On April 17, the U.S. Air Force ended the competition to develop a new Long-Range Standoff Weapon (LRSO) nearly two years early, declaring Raytheon Technologies (NYSE:RTX) the winner of a contract expected to be worth as much as $10 billion if the program is fully developed.
In August 2017, the Air Force awarded what was then Raytheon and Lockheed Martin (NYSE:LMT) separate $900 million contracts to continue work on the LRSO, an air-launched cruise missile designed for both nuclear and conventional attacks. The companies were supposed to spend four-plus years continuing its development, with the Air Force not expected to down-select to a final vendor until fiscal 2022.
The award is a nice prize for Raytheon Technologies, which was formed just this month when defense contractor Raytheon merged with the aerospace arm of United Technologies. It also raises questions about why the announcement came when it did, and what it means for the program.
The LRSO program was launched to replace the AGM-86, a subsonic air-launched cruise missile developed by Boeing in the late 1970s. The missile is to be the air-launch portion of the nation's nuclear triad, the three-legged stool that is the foundation of the U.S.'s nuclear deterrent strategy.
The exact program size is currently unknown, but the Air Force is expected to spend $2 billion on research and development of the LRSO between now and 2024, followed by a bulk order of as many as 1,000 missiles. If the Pentagon eventually buys a conventional, non-nuclear version of the missile as well, as has been discussed, the program size could grow much larger.
The LSRO is one of the premier missile contracts out for bid, and it appears Raytheon Technologies will be the one reaping most of the revenue from the program from this point forward. In a statement announcing the decision, the Air Force said that after "extensive evaluation of contractor programmatic and technical approach," it had "decided to focus on Raytheon's design."
But not all is lost for Lockheed Martin. Elizabeth Thorn, the LRSO system program manager for the Air Force's Nuclear Weapons Center, said in a statement that it was not a typical down-select that comes at the end of a competition. "Instead, we are reframing our relationship with Lockheed Martin to focus on specific technology maturation we believe either has future applicability for the final LRSO design or will reduce overall program risk," Thorn said.
It's hard to know exactly what the Air Force intends to do. The government could plan to buy up some of Lockheed Martin's intellectual property from its development stage to apply to the Raytheon design, including sensor technology, or it could be trying to make Lockheed Martin a subcontractor on Raytheon's future efforts. Rival contractors often team up for particular awards, and in some cases form alliances after the government selects one party over the other.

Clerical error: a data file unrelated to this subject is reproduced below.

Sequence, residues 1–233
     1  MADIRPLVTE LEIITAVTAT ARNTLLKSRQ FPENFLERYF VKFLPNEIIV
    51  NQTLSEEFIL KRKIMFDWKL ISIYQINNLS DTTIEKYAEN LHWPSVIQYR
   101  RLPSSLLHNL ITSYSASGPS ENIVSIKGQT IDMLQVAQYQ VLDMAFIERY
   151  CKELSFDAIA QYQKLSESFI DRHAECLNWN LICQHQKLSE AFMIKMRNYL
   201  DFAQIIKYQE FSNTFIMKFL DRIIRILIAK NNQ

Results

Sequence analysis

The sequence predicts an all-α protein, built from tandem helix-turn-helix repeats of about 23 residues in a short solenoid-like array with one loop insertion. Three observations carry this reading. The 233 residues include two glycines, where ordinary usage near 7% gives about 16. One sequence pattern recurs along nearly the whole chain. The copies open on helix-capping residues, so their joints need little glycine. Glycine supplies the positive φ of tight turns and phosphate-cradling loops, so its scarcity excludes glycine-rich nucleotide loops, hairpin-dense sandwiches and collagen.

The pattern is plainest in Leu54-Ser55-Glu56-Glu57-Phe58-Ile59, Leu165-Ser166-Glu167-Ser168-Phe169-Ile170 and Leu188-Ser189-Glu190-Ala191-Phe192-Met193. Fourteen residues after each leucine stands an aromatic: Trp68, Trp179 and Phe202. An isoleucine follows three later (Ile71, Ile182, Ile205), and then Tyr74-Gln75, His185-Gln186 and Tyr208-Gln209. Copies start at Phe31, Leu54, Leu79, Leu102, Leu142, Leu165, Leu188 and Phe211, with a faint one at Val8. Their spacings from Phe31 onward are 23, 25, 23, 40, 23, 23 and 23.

So what really happened?
The vague statement about Lockheed Martin's ongoing role in the effort is not the only oddity about this announcement. The LRSO is a major part of the Pentagon's $500 billion effort to refresh the nuclear triad, and major nuclear awards are usually trumpeted by the companies involved and the government instead of hidden away on a Friday night.
In its statement announcing the decision, Raytheon noted that it expects to complete the current phase of the LRSO development on schedule by January 2022, with negotiations on a final engineering and manufacturing contract not expected to begin until fiscal 2021.
It's possible that Lockheed Martin's entry simply didn't perform to plan in the preliminary design review phase, and that the government is moving forward with the design that did pass. It is also possible -- and I think more likely -- that the Air Force, which has billions in unfunded or underfunded priorities, is seeking to cut costs by picking a winning design early and eliminating redundant development funding.
A good win for Raytheon
Whatever the reason for this decision, Raytheon Technologies is the clear beneficiary.
The award comes at an opportune time for the newly formed company, as its commercial aerospace business is expected to come under significant pressure in the quarters to come as airlines retrench due to the COVID-19 pandemic.
Raytheon and United Technologies' argument for combining was that together they have more revenue diversity, blending a steady-as-you-go defense business with the boom/bust cycle of commercial aerospace. In short, United Technologies merged with Raytheon exactly for contract wins like the LRSO.
Raytheon Technologies has a tough challenge ahead, with managers forced to integrate a massive acquisition while navigating through a potential recession and probable weakness in its massive commercial arm. But for investors willing to ride whatever near-term turbulence is on the horizon, awards like the LRSO are part of the long-term bull case for the newest aerospace titan.